Mountaintop Medicine: Nutrition Notes — A Guide to Healthy Weight Loss

Let’s face it- there is an endless amount of overwhelming information on the internet about how to lose weight quickly. In this week’s article of Mountaintop Medicine: Nutrition Notes, I am going to lay out the science of losing weight and how to do it healthily and mindfully.

Being overweight or obese can put our bodies at risk of developing a range of health problems such as high blood pressure, type 2 diabetes, heart disease, stroke, sleep apnea, and some types of cancer. If your goal is to lose weight, here are the best practices to go about it:

Leah Gardner, EPH Registered Dietitian

The Science Behind Weight Loss

Losing weight is a complex process. To effectively lose body fat, you must eat fewer calories than you burn- this is also known as eating in a caloric deficit. In general, most people should eat 250-500 calories less each day than normal to lose ½ to 1 pound of body fat per week.

This can be achieved through a combination of optimal nutrition and exercise. When you consume fewer calories than you burn, your body is forced to use stored fat for energy, resulting in weight loss. It is important to remember that the rate of weight loss will vary for every single person depending on their genetics, starting weight, nutrition, and exercise routine. It is important to maintain a nutritious and balanced diet to ensure that you are getting all the necessary nutrients that your body needs.

Our bodies respond in surprising ways when we lose weight. They react to weight loss by trying to regain weight, which makes weight management a constant tug-of-war. Our metabolism- the process of creating energy from the food we eat, also slows down, and gets more efficient, requiring fewer calories to do its job.

Why you should fear fad diets:

Fad diets for weight loss such as the keto diet, Atkin’s Diet, South Beach Diet, vegan diet, raw food diet, carb-cutting, and juice diets are too restrictive and can be harmful to our health. They often eliminate entire food groups or require us to consume very few calories. This can lead to nutrient deficiencies, fatigue, and other health problems. Let alone the emotional and physical toll that dieting can create on a person’s mental health.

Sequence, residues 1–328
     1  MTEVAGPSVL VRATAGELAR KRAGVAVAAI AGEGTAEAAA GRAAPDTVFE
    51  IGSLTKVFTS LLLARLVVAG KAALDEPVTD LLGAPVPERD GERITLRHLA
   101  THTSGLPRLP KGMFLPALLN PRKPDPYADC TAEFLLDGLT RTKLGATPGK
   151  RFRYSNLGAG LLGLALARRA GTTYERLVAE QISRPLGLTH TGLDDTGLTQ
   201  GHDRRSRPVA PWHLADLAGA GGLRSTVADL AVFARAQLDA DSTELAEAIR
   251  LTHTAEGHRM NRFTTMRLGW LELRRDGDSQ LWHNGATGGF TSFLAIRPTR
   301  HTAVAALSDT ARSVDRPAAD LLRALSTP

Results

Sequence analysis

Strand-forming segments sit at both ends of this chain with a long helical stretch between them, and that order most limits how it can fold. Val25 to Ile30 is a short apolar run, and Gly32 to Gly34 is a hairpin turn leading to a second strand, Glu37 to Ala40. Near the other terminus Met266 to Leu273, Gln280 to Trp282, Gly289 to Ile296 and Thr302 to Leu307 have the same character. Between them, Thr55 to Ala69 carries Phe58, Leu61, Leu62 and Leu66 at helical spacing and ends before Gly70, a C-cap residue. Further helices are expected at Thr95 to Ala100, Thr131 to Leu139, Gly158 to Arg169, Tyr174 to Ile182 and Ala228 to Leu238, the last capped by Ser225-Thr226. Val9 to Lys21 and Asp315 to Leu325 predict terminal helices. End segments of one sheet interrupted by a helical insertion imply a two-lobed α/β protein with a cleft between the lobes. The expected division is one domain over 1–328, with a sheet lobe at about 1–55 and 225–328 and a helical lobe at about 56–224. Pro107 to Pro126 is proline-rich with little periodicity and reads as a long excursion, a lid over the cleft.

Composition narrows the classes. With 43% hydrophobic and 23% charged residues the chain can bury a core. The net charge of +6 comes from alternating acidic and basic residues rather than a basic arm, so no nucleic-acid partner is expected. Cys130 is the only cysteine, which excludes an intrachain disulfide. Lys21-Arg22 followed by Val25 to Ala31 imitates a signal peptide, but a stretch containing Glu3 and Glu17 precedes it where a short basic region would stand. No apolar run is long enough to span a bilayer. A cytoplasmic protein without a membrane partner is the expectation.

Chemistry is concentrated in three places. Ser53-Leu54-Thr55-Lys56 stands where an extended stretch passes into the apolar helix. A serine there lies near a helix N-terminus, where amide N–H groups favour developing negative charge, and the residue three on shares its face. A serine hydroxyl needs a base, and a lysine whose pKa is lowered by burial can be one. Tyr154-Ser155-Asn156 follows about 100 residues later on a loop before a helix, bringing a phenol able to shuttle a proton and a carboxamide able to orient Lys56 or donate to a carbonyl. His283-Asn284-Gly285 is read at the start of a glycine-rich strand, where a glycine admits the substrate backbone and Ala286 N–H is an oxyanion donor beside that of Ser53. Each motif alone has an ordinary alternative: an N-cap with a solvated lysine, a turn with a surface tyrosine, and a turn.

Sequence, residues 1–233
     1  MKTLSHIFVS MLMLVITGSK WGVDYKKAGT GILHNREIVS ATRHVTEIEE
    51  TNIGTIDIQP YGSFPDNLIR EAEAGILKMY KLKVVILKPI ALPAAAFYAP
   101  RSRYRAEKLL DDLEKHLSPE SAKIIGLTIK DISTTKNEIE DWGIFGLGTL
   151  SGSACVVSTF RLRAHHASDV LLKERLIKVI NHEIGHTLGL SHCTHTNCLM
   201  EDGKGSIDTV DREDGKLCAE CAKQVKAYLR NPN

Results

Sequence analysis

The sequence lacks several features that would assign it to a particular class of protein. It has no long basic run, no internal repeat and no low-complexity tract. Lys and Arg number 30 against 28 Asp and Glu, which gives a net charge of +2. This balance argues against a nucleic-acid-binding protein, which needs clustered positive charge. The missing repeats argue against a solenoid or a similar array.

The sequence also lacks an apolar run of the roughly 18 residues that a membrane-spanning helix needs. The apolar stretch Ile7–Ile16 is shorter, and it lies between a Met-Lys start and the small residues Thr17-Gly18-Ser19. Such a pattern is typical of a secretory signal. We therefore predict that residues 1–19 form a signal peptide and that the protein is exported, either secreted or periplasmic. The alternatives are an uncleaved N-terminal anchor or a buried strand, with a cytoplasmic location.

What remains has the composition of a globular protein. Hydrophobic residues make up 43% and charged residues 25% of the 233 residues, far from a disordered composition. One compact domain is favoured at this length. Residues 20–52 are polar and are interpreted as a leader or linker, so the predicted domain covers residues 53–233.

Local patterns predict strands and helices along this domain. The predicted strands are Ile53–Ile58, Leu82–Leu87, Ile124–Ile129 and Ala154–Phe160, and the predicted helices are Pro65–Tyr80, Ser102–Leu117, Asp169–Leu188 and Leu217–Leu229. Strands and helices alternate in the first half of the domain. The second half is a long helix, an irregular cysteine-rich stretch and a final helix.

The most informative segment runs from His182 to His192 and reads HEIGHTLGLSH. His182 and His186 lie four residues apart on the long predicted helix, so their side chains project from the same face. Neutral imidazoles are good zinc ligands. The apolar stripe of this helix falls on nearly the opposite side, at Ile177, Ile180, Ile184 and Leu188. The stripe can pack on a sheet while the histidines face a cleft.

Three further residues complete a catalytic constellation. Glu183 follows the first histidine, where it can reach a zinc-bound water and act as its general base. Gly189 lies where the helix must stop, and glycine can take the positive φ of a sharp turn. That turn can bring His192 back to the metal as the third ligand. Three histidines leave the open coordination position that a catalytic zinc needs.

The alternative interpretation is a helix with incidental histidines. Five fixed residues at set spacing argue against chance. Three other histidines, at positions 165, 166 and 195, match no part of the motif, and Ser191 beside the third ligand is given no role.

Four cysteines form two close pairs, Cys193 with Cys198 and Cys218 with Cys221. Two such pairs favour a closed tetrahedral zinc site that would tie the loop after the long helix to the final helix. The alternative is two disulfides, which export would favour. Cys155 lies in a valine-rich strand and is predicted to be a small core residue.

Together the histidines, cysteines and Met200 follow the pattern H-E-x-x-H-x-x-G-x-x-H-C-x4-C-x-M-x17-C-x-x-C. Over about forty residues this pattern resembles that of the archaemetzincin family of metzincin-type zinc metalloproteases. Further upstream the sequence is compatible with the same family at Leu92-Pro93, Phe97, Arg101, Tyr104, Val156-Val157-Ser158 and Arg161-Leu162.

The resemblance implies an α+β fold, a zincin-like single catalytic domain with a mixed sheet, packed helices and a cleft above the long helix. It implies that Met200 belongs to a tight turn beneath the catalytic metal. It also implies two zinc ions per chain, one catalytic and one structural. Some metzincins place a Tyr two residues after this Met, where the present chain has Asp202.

Additionally, fad diets are not sustainable, which means that any weight lost will likely be regained once the diet is stopped. It is important to focus on making long-term lifestyle changes instead of quick fixes.

My best tips for healthy weight loss:

• Create a calorie deficit by consuming fewer calories than you burn through exercise and daily activities.

• Eat a balanced diet that includes fruits, vegetables, whole grains, lean proteins, and healthy fats such as olive oil, avocados, fatty fish, and nuts and seeds.

• Fill up on fiber! Fruits, vegetables, whole grains, and beans are all high-fiber foods.

• Focus on eating high quality protein foods such as fish, seafood, chicken, turkey, eggs, low-fat dairy products, and beans and legumes.

• Limit processed foods and fast food.

• Cut back on refined carbs like white bread, instant white rice, and pasta. These types of foods are low in fiber, digested quickly, and only keep you full for a brief period of time.

• Avoid added sugars and sugar alcohols. These are mostly found in sodas and other sweet drinks, candies, and desserts.

• Stay hydrated! Aim to drink at least 8-10 cups (2-3 liters) of water every day.

• Practice mindful eating and work to regulate emotional overeating.

• Do not deprive yourself of your favorite foods. Being able to enjoy a small portion of a homemade dessert or indulging in a favorite holiday dish is part of having a healthy relationship with food.

• Incorporate regular exercise into your routine, such as cardio and strength training.

• Find movement that you enjoy, whether it’s running, cycling, dancing, weight training at a gym, spin class or a Pilates class.

• Get at least 7-9 hours of sleep every night to support your brain, recovery from exercise, and your metabolism.

• Stay consistent with your healthy habits and be patient with yourself! Weight loss takes time and effort if done correctly and sustainably.

If you have any questions or if there are any nutrition-related topics that you would like me to discuss here on Nutrition Notes, please reach out at